It was a recommendation by James Fallows that took me to Beaverland: How One Weird Rodent Made America. I’m not so sure about that subtitle, but there were some great tidbits to be found here. The author describes beavers as a keystone species, a species that like that block in the center of a medieval archway is vital to the archway, is key to the survival of a biological community. They, like humans, have an inordinate impact on their environments, she says. I fear that listening to this audiobook did not give me a good understanding of the case for the importance of the beaver; perhaps I should have listened more carefully.
I do recognize that trapping them for the fur was hugely important when Europeans arrived on this continent. Philip tells the story of John Jacob Astor who arrived thinking he would make his way selling musical instruments, but became the first multi-millionaire on this continent thanks to the fur trade.
The great value of beaver pelts resulted in the decimation of the population in much of North America. In New York State by 1890 only one beaver colony in the state was known to exist. A repopulation effort began and in 1904 14 beavers were brought in from Yellowstone Park and by 30 years later the population was growing.
Here are some of my favorite tidbits:
The author describes a beaver dam in Canada so large that it is visible from space. Another dam has been in existence for at least 150 years.
The author says that species including the beaver have become surprisingly urban. She says coyote have been photographed riding mass transit in Portland, Oregon and walking onto Wrigley Field. The Urban Coyote Research Project in Chicago has “identified a generation of coyote that now teach their young to wait at traffic lights and avoid eating rats, saving the coyote from getting hit by cars and ingesting fatal doses of rat poison.”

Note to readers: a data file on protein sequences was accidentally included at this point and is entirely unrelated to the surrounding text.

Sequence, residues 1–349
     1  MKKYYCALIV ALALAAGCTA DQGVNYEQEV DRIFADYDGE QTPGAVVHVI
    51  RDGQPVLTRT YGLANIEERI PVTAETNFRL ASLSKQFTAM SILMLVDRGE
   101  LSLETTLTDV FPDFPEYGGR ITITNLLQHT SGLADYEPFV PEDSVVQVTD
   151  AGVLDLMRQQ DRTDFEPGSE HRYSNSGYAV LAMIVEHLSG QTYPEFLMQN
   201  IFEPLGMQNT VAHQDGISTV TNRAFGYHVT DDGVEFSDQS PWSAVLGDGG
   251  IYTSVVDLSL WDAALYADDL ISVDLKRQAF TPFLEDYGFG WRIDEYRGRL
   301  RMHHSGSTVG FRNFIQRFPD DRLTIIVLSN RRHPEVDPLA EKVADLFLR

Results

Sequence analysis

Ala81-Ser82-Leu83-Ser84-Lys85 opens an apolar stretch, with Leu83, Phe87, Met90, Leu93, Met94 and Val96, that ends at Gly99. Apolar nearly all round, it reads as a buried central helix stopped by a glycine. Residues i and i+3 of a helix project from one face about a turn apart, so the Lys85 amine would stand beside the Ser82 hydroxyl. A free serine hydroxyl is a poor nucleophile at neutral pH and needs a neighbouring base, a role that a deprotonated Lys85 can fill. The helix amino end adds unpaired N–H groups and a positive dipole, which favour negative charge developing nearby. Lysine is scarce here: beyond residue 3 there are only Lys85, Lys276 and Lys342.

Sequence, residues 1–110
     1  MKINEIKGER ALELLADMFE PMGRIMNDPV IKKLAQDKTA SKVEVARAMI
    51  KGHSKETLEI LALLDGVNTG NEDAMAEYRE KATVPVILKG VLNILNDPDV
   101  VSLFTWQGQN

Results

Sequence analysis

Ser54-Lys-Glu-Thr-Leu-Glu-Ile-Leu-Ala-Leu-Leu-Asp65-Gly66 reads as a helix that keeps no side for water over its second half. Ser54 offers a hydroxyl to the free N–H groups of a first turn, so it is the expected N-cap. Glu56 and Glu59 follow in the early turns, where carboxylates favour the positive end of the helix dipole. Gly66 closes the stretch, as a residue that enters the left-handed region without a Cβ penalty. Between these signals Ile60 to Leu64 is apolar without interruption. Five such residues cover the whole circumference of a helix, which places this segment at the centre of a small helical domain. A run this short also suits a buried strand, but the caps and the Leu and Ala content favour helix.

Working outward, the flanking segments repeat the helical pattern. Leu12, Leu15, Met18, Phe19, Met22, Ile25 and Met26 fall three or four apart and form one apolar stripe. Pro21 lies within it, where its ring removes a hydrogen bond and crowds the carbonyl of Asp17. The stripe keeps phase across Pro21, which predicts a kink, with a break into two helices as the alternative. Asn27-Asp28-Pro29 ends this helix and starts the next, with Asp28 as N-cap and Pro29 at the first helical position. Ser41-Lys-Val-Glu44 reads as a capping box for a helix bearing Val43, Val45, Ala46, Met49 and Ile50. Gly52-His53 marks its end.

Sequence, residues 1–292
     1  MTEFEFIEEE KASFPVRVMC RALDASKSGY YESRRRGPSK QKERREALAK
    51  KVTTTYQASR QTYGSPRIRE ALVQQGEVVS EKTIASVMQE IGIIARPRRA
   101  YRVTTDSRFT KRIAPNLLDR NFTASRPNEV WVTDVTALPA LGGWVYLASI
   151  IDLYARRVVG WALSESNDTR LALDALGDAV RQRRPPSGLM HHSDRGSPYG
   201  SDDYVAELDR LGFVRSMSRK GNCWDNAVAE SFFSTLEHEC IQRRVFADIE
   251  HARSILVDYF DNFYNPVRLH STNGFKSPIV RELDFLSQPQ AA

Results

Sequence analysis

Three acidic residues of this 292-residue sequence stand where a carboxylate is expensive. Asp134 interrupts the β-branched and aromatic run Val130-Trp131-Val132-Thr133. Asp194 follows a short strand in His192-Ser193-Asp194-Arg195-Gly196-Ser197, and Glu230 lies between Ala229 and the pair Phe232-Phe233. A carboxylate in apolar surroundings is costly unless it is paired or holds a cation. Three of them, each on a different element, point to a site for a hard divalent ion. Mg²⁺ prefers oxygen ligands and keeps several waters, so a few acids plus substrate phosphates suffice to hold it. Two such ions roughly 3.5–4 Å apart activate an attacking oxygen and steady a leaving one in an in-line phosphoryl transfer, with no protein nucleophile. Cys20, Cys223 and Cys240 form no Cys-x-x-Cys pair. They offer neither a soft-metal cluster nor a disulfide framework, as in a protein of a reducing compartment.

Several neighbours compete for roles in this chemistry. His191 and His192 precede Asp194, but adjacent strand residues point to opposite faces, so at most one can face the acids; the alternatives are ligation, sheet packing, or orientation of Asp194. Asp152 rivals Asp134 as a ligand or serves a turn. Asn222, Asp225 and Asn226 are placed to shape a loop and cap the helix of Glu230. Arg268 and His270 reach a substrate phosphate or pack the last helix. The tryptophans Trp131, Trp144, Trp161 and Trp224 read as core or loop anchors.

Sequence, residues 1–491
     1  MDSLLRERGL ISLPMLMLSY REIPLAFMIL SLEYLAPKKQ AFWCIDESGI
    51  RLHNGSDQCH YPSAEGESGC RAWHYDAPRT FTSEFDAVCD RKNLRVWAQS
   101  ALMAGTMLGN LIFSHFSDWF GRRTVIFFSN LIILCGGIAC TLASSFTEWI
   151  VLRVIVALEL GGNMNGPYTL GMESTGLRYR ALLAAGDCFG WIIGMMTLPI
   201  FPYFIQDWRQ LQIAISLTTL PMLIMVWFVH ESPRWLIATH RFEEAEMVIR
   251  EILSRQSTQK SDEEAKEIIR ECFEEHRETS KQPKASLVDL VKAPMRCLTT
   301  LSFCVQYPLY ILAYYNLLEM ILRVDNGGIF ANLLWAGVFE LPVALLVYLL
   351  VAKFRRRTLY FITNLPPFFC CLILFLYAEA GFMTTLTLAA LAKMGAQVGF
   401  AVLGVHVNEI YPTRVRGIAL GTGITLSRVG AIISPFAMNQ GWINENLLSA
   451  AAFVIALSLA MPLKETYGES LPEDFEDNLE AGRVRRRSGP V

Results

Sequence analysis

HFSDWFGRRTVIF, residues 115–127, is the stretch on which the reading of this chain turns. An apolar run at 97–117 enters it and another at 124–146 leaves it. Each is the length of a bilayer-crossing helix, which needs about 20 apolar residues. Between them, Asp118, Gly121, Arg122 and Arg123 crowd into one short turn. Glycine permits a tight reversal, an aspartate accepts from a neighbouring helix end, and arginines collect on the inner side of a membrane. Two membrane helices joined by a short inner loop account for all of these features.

The dams built by beaver slow down, widen, and clean a stream and of course there is great value in those results. And arranging for beavers to do that work is much less expensive than humans using equipment. The problem is that where beavers choose to slow down and widen a stream may be deemed inconvenient for nearby humans.
It was when adding this post to my blog that I realized I had previously read a book by Leila Philip. I first read The Road to Miyama in the pre-blog times and then again in 2018 when I wrote about it. I was taken with her book about pottery-making in Japan (twice!) but didn’t remember her name. That book was published in 1989; it is remarkable that more than 30 years after that writing book, she tromped all around New England learning about beavers, learned to skin them, and wrote a book about them. Impressive.
Leila Philip, Beaverland, Twelve, 2022, 336 pages (I listened to the audiobook). Available in the public library.